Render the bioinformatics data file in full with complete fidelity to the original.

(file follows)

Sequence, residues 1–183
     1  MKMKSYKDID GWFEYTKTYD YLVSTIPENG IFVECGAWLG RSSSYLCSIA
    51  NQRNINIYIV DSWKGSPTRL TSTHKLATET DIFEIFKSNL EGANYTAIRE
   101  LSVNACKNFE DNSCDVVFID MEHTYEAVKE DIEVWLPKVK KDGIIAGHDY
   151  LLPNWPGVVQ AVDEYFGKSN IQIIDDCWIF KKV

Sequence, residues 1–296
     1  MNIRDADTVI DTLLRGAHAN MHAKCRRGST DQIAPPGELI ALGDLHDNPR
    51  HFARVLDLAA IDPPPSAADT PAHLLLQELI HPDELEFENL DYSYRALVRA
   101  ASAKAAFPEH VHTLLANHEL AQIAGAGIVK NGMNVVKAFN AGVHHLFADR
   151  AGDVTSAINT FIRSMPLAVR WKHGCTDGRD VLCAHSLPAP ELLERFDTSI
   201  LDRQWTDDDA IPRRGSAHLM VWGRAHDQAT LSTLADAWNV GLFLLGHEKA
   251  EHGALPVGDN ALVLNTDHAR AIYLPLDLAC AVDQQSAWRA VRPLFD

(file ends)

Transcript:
Sequence, residues 1–183
     1  MKMKSYKDID GWFEYTKTYD YLVSTIPENG IFVECGAWLG RSSSYLCSIA
    51  NQRNINIYIV DSWKGSPTRL TSTHKLATET DIFEIFKSNL EGANYTAIRE
   101  LSVNACKNFE DNSCDVVFID MEHTYEAVKE DIEVWLPKVK KDGIIAGHDY
   151  LLPNWPGVVQ AVDEYFGKSN IQIIDDCWIF KKV

Sequence, residues 1–296
     1  MNIRDADTVI DTLLRGAHAN MHAKCRRGST DQIAPPGELI ALGDLHDNPR
    51  HFARVLDLAA IDPPPSAADT PAHLLLQELI HPDELEFENL DYSYRALVRA
   101  ASAKAAFPEH VHTLLANHEL AQIAGAGIVK NGMNVVKAFN AGVHHLFADR
   151  AGDVTSAINT FIRSMPLAVR WKHGCTDGRD VLCAHSLPAP ELLERFDTSI
   201  LDRQWTDDDA IPRRGSAHLM VWGRAHDQAT LSTLADAWNV GLFLLGHEKA
   251  EHGALPVGDN ALVLNTDHAR AIYLPLDLAC AVDQQSAWRA VRPLFD